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utilized, large classes are maintained by charity or live on the verge of recourse to it; amid the greatest accumulations of wealth, men die of starvation, and puny infants suckle dry breasts; while everywhere the greed of gain, the worship of wealth, shows the force of the fear of want. The promised land flies before us like the mirage. The fruits of the tree of knowledge turn, as we grasp them, to apples of Sodom that crumble at the touch.

This association of poverty with progress is the great enigma of our times. It is the central fact from which spring industrial, social, and political difficulties that perplex the world, and with which statesmanship and philanthropy and education grapple in vain. From it come the clouds that overhang the future of the most progressive and self-reliant nations. It is the riddle which the Sphinx of Fate puts to our civilization, and which not to answer is to be destroyed. So long as all the increased wealth which modern progress brings goes but to build up great fortunes, to increase luxury and make sharper the contrast between the House of Have and the House of Want, progress is not real and cannot be permanent. The reaction must come. The tower leans from its foundations, and every new story but hastens the final catastrophe. To educate men who must be condemned to poverty, is but to make them restive; to base on a state of most glaring social inequality political institutions under which men are theoretically equal, is to stand a pyramid on its apex.

BOOK III

The Outcast

Not Guilty

BY ROBERT BLATCHFORD

(See page 66)

IN defending the Bottom Dog I do not deal with hard

science only; but with the dearest faiths, the oldest wrongs and the most awful relationships of the great human family, for whose good I strive and to whose judgment I appeal. Knowing, as I do, how the hardworking and hard-playing public shun laborious thinking and serious writing, and how they hate to have their ease disturbed or their prejudices handled rudely, I still make bold to undertake this task, because of the vital nature of the problems I shall probe.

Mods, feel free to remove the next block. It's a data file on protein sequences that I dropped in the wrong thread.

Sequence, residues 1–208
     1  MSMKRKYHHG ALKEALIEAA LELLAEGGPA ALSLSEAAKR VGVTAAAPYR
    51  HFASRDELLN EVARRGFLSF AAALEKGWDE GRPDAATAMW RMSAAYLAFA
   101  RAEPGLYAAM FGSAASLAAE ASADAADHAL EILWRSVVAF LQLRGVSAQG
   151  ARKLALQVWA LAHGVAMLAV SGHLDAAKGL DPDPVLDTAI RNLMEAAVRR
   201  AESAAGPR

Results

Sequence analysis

The case for the Bottom Dog should touch the public heart to the quick, for it affects the truth of our religions, the justice of our laws and the destinies of our children and our children's children. Much golden eloquence has been squandered in praise of the successful and the good; much stern condemnation has been vented upon the wicked. I venture now to plead for those of our poor brothers and sisters who are accursed of Christ and rejected of men.

Hitherto all the love, all the honors, all the applause of this world, and all the rewards of heaven, have been lavished on the fortunate and the strong; and the portion of the unfriended Bottom Dog, in his adversity and weakness, has been curses, blows, chains, the gallows and everlasting damnation. I shall plead, then, for those who are loathed and tortured and branded as the sinful and unclean; for those who have hated us and wronged

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